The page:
By EMAIL MARK STEELE Editor Mark Sears, Associated Press The NHL has a history of taking a risk on a new technology.
But one that it took the risk of putting on ice and a few players who have become icons of the game have helped define the sport.
The last few years have seen a number of players in the league’s history come through the Echellon program, the nickname that was used by the computers that are being used to monitor the games and make decisions about plays.
Here’s a look back at some of the NHL’s most notable players who helped define it: Steve Yzerman (1989-91) The Montreal Canadiens forward became a legend in Montreal when he became the first player to score a goal in a game.
After the team’s 1993-94 season, he returned to the Montreal Canadiens, where he had become an assistant coach.
He was named captain of the team in 1994-95.
But he left for the United States, where his wife and two children were living, to play for the New York Rangers in 1996-97.
He scored 17 goals in 27 games, including the winning goal in Game 6 of the 1993 Stanley Cup finals against the Boston Bruins.
He signed with the St. Louis Blues in 1998 and has since won five Stanley Cups.
He also has won five Norris Trophies and five Art Ross Trophies.
Steve Y. Zatulin (1994-96) Zatulin has a nickname for himself because he is a great hockey player, but he has also become an icon in the NHL.
He became the captain of his junior team in 1996 and won two Cups with the Montreal Maroons.
In his third season with the club, he scored 61 goals, becoming the first NHL player to record that many goals.
He played in all 82 games that season and finished second in the scoring race.
He made the All-Star team in 1997 and was named the NHL MVP in 1999.
Zatarina Voskresna (1997-98) Voskovsna, a member of the Swedish team that defeated the Montreal Penguins in the 1997 World Championship Final, became the youngest player to win the Norris Trophy.
She has won three Stanley Cups and a Hart Trophy and was the first Russian player to lead the NHL in scoring.
She scored 81 goals and was second in scoring in the 2002-03 season.
She also became the only player in league history to score 60 goals in two different seasons.
She joined the Philadelphia Flyers in 2003.
She was an assistant captain for the Flyers during the 2008-09 season and has been a member since 2009.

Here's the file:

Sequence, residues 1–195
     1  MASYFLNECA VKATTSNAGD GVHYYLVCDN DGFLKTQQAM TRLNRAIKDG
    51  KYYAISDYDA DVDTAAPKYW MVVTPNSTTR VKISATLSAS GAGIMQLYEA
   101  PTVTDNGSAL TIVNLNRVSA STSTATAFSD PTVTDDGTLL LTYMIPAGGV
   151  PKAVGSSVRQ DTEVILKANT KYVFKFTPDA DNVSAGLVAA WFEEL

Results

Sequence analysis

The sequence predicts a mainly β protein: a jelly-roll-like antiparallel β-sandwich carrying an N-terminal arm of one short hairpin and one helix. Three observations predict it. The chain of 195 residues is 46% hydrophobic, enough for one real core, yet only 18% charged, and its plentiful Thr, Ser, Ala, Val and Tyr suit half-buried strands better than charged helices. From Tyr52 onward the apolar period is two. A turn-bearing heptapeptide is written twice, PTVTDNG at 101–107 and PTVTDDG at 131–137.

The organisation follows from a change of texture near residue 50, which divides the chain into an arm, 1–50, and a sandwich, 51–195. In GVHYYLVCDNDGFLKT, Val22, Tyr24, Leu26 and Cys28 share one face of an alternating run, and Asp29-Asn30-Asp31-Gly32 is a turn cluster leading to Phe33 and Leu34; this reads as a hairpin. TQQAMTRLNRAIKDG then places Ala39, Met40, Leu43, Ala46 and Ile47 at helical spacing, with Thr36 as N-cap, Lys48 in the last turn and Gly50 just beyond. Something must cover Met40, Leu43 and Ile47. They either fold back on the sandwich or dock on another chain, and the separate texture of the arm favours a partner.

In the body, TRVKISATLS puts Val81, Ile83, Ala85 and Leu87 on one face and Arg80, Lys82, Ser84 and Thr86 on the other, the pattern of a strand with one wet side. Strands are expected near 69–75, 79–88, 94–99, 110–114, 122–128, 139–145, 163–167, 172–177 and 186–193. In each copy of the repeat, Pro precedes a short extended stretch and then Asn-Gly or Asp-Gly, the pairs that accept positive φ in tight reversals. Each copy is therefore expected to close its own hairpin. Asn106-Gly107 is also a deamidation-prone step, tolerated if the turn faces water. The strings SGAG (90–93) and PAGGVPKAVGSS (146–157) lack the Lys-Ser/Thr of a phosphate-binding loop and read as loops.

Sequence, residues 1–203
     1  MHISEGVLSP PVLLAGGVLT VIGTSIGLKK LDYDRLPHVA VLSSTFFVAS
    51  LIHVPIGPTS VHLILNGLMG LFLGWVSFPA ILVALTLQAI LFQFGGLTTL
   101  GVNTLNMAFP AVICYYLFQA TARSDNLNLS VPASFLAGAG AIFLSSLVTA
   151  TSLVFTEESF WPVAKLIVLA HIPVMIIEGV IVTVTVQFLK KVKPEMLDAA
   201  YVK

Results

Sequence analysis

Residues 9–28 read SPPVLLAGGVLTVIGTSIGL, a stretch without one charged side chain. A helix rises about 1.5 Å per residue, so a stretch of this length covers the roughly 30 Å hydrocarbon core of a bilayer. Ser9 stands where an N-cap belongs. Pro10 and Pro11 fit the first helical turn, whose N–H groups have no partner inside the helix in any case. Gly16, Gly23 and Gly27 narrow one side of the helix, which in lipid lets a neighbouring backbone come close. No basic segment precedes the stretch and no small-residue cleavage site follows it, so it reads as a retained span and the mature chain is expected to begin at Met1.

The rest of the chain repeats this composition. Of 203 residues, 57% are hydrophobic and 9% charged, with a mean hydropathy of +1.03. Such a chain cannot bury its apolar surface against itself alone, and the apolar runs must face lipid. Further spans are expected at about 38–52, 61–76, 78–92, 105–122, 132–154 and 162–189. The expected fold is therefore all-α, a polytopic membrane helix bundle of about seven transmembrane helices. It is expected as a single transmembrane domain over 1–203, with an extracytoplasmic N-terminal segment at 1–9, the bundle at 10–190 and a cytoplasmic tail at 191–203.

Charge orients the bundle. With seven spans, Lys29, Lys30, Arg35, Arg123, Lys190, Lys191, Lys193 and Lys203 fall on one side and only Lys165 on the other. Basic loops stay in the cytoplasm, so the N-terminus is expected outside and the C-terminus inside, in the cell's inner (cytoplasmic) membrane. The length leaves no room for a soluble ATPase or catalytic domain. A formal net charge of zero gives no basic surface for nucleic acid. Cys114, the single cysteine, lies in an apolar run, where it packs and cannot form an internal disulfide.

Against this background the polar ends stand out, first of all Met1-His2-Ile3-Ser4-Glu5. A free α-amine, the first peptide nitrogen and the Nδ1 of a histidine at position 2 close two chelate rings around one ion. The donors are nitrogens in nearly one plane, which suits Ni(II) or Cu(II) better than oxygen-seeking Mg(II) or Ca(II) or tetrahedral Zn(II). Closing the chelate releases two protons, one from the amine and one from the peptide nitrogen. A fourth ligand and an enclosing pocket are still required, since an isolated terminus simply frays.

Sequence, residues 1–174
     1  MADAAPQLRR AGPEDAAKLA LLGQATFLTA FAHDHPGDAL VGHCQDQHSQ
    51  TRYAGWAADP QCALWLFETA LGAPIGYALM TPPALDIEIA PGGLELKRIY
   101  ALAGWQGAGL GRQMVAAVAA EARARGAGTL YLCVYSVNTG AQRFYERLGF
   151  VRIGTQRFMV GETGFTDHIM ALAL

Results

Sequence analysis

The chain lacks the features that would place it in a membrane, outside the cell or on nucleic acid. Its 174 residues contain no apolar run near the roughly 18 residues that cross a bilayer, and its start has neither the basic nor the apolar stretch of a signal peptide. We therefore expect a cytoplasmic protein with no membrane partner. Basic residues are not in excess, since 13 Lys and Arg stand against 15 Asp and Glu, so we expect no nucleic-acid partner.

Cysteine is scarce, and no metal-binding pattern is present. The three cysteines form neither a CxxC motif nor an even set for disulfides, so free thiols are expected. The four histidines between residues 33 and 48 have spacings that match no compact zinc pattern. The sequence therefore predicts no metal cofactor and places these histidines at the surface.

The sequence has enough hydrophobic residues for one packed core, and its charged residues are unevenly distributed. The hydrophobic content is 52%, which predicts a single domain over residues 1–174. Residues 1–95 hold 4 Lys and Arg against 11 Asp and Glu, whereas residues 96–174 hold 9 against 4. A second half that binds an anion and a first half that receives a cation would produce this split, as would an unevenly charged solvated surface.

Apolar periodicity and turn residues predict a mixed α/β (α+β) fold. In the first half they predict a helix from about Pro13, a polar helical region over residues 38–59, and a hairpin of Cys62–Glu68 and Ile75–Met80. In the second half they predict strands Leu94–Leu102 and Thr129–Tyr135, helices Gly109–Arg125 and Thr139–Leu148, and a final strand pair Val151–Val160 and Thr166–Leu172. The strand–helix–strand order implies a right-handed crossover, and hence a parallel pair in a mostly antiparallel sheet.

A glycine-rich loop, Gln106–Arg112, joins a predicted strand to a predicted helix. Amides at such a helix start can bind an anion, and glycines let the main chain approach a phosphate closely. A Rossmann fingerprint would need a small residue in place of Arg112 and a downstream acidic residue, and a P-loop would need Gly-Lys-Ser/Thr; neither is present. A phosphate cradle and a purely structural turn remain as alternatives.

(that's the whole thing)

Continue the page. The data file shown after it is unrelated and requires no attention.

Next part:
She won the Stanley Cup with the Flyers in 2013.
She is the first woman to win a Cup as captain of a team.
She became the second female captain of her country’s team.
Marie-Claude Juncker (1996-99) Juncker became the head coach of the Netherlands’ junior team.
He has a long record of success with the junior program.
Juncker led the team to three championships in the past seven seasons, including three consecutive winning seasons in 2004-05 and 2005-06.
He won two Stanley Cups with his team and has a Stanley Cup ring.
He is the only Dutch player to be named to the NHL All-Rookie team in each of the past four seasons.
He retired from coaching after the 2018-19 season.
Theodore “Buddy” Johnson (1992-93) Johnson has been an NHL captain for seven seasons and has led the league in assists and points every season.
He led the Detroit Red Wings to a Stanley Series championship in 2007 and has won the Conn Smythe Trophy twice and the Lester B. Pearson Trophy twice.
Johnson, who retired in 2003, is the longest-tenured captain in NHL history.
He coached the Minnesota Wild for six seasons, from 1999-2003, and won the Norris trophy with the team each time.
He had four more NHL seasons in Minnesota.
He joined the New Jersey Devils in 2005 and led them to four Stanley Cups, including a pair of conference finals appearances.
He went to the World Cup of Hockey in 2006 and won four Cups with Sweden.
He returned to coaching in 2007 with the New Orleans Pelicans and led the franchise to two Stanley Cup championships.
He died in 2017 at the age of 86.
Joe Sakic (1988-91, 1994-97) Sakic was an offensive star who led the Flyers to three Stanley Cup titles and the Presidents’ Trophy in 1989 and 1990.
Sakic scored 1,988 goals and 517 assists for 6,944 points in 687 games, the most of any player in NHL annals.
He captained the Flyers through four seasons and won six Stanley Cups as the team leader.
Sakics was the last player to hold the scoring title when the Flyers won their first Stanley Cup in 1990, and he played for the Montreal Expos and Detroit Red Wing teams during that